Electrifying Sounds Of The Paul Jeffrey Quintet [Savoy MG 12192] at Fat Toro

1971 Watershed
[Mainstream MRL-390] at Soundological

1972 Family
[Mainstream MRL-376] at Arkadin's Ark

1974 Paul Jeffrey
[Mainstream MRL-406] at the shad shack

1994 Tribute To Trane
[Duke University Jazz DUJ 94]
1996 Together In Monaco w/ Curtis Fuller
[Amosaya AM 2531]

2009 We See
[Imago] at israbox

Paul Jeffrey links:
MySpace page
Wiki entry
Imago page
Jazz Discography leader page

Experience your own watershed moment with Paul Jeffrey and Soundological HERE.


Jazzjet said...

Another great post. Many thanks.

E-mile said...

holy mackerel, Cheeba, great find!
The Shack is getting shad'd with this watershed....
Elusive writing as ever, thank you.
peace, E-mile

Oracle said...

Welcome back Cheeba. Glad to see you didn't take a powder. Thanks for these last two posts.

Got some goodies lined up myself at the Portal and I am sure you will be interested in the next few posts.

Layed off, again. Second time in less than a year. So while I will have plenty of time on my hands I don't think much of it will be ripping vinyl. But gotta have some fun so check in now and again.


cheeba said...

@Jazzjet, many welcomes! Thanks for the encouragement!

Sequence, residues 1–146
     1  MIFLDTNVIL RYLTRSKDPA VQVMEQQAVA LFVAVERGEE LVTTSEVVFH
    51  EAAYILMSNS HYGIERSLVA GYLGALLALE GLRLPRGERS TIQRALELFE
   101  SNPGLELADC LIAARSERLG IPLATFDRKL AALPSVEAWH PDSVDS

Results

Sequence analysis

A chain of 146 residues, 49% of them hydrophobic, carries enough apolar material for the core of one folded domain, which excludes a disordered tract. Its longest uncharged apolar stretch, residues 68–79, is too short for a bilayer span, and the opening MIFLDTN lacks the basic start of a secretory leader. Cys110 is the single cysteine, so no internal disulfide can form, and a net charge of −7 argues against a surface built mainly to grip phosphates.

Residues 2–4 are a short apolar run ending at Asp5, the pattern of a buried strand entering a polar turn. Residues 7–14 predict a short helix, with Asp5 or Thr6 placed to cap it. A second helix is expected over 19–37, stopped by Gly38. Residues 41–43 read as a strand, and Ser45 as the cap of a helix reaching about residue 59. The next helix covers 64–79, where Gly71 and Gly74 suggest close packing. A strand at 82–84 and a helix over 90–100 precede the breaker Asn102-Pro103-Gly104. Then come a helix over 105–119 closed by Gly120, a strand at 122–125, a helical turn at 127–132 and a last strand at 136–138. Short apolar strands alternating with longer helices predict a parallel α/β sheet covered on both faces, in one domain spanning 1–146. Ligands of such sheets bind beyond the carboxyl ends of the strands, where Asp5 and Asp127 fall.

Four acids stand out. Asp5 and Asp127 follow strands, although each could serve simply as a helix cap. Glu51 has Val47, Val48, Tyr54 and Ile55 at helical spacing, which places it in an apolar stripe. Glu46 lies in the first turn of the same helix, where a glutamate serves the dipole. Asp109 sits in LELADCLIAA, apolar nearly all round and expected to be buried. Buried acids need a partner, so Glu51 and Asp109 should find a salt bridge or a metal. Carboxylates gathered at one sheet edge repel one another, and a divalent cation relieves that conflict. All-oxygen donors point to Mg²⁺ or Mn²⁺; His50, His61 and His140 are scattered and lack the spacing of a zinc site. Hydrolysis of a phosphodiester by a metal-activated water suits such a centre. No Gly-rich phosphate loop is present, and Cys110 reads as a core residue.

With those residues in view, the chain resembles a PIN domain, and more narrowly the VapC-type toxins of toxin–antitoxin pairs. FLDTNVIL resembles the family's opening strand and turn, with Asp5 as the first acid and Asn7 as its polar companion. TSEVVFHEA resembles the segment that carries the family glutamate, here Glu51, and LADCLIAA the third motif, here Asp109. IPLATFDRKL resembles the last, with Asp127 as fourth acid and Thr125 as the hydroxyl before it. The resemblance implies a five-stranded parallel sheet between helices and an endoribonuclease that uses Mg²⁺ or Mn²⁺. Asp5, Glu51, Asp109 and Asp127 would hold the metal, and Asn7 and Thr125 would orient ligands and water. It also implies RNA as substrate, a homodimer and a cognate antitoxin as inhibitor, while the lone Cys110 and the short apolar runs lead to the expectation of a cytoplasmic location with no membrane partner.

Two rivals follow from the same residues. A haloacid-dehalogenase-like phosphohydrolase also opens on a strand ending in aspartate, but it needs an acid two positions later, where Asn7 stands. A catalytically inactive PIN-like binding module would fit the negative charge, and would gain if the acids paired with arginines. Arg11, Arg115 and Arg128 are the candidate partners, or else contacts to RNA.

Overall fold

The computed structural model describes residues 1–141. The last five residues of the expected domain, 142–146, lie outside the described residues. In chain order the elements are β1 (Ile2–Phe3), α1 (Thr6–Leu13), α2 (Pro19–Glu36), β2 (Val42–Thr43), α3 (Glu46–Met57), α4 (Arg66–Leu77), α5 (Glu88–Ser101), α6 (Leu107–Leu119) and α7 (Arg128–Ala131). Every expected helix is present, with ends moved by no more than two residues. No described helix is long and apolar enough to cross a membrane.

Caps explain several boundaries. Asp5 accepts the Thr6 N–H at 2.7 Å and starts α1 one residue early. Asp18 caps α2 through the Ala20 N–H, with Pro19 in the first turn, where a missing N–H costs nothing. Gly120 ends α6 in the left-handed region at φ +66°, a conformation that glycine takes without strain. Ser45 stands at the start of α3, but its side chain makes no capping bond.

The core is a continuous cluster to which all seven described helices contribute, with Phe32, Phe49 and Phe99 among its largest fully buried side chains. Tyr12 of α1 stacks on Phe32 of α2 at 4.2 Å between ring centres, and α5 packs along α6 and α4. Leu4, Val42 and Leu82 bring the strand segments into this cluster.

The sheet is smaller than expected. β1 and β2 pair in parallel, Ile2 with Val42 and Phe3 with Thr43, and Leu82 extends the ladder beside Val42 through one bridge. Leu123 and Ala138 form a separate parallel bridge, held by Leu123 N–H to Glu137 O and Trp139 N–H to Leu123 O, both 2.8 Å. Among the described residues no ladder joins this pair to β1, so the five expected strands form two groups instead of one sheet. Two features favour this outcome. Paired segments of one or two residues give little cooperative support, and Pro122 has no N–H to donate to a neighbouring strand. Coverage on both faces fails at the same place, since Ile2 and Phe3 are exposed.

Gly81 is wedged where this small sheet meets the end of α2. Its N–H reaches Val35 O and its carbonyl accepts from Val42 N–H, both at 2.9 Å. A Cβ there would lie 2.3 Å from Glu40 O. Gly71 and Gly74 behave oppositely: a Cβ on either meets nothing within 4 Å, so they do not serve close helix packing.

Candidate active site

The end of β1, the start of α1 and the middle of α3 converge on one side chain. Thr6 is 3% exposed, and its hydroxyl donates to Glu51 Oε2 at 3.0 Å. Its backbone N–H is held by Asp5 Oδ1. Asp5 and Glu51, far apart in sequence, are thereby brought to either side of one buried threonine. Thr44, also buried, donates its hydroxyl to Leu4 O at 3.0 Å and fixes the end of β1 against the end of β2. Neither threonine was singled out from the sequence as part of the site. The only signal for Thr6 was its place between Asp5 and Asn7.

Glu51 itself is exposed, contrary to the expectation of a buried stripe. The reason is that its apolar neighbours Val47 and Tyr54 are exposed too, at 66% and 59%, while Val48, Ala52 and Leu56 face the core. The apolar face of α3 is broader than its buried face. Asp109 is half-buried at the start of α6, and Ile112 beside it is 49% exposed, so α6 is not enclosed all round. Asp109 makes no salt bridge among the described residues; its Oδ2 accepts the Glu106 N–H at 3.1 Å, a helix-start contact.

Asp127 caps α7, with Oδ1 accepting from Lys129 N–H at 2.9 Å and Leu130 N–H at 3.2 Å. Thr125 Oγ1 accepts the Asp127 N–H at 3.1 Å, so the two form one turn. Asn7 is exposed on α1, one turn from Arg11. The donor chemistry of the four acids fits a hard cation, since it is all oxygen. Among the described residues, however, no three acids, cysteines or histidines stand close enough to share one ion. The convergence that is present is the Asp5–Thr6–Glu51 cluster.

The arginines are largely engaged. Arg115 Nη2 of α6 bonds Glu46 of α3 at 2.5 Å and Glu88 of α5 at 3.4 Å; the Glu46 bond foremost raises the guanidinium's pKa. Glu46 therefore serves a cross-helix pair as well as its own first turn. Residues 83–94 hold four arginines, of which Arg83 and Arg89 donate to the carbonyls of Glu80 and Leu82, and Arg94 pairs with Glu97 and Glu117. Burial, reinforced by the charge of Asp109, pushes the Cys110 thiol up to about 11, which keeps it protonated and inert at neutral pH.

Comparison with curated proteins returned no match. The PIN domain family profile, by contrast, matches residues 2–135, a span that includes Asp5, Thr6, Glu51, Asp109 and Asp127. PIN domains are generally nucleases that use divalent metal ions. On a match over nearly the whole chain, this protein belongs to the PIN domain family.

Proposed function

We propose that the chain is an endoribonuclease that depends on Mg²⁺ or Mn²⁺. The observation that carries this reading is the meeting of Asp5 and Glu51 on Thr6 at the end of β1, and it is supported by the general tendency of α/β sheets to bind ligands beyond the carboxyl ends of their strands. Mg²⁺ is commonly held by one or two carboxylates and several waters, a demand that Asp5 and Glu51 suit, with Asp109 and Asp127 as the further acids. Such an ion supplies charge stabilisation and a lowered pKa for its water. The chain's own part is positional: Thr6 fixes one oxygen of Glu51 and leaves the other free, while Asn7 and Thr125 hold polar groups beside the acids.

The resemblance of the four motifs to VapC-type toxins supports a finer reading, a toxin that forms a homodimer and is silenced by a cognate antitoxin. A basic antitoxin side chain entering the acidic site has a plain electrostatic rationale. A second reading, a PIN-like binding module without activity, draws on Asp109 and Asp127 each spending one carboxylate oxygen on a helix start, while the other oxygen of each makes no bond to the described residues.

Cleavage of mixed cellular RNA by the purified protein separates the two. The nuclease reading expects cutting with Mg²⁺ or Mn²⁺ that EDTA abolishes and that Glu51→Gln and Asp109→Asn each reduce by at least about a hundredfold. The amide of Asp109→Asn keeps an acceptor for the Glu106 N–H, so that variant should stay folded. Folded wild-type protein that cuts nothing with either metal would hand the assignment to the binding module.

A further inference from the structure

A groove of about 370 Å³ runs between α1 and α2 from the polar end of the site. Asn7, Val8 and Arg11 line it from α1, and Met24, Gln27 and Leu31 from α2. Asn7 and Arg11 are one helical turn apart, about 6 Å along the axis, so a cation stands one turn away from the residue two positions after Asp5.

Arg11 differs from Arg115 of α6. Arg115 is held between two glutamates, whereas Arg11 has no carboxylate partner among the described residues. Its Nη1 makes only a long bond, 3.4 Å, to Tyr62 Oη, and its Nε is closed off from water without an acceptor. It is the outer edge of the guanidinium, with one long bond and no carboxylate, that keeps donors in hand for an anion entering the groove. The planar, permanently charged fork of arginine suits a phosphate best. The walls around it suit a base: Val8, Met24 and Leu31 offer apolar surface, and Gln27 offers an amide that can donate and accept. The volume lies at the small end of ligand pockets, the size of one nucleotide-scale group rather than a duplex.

@E-mile, always appreciate your feedback! Since you were the "spark" that got me to start the shad shack, you'll be happy to know that it will be almost complete by Shad's birthday on the 12th! Also, bad on me for not visiting you in a while!

@Oracle, you're welcome! Sorry to hear about your status - seems to be a lot of it going around. At least you can have a little bit of funemployment in the short term. Look forward to catching up over there....just noticed you posted an Urbie Green that's been in my "to do" pile for over a year! Have I mentioned recently what good taste you have? :)

boogieman said...

Hi Cheeba,

great album. Thanks.

Arkadin said...

Agree with you on "Jack's smoking, show stealing performance which lifts it above the average hardbop album imo. Listening to it after the Turba it almost sounded balsamous ;)
Still think the one I posted is his most ambitious work - no shameless self promo intended.
Great write-up as always - your thumb seems to be in top form!
Best to you!

cheeba said...

@boogieman, glad you're enjoying this one and appreciate the comment.

@Arkadin, "balsamous" is a fine adjective - I might have to employ it sometime! While we're agreeing, I agree with you that PJ's Family - available at your fine blog of course - is probably the best of the three MRL sessions.

Although composition-wise it's very similar to this one, he expanded the size of his roster and since he's known for giving his team a lot of room to stretch out, it was a more freewheeling and soulful set to my ears. The third is definitely the funkiest and most electric of the bunch as if made-to-order for Bobby but for the most part it feels like all light and no heat in the execution.

Thanks for your kindness, your wishes and - since we're fast approaching completion over at the shad shack - your help in tracking down a lot of these lions. By my count you coughed up almost a fifth of 'em!

cheeba said...

BTW, just a quick mention that Mike Longo is on keys in that Dizzy vid...